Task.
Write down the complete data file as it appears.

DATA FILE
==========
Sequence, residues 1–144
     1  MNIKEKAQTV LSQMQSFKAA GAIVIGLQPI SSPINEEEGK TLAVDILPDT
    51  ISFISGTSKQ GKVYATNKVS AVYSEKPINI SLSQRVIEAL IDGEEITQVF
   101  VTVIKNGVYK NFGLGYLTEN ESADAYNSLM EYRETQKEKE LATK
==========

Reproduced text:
Sequence, residues 1–144
     1  MNIKEKAQTV LSQMQSFKAA GAIVIGLQPI SSPINEEEGK TLAVDILPDT
    51  ISFISGTSKQ GKVYATNKVS AVYSEKPINI SLSQRVIEAL IDGEEITQVF
   101  VTVIKNGVYK NFGLGYLTEN ESADAYNSLM EYRETQKEKE LATK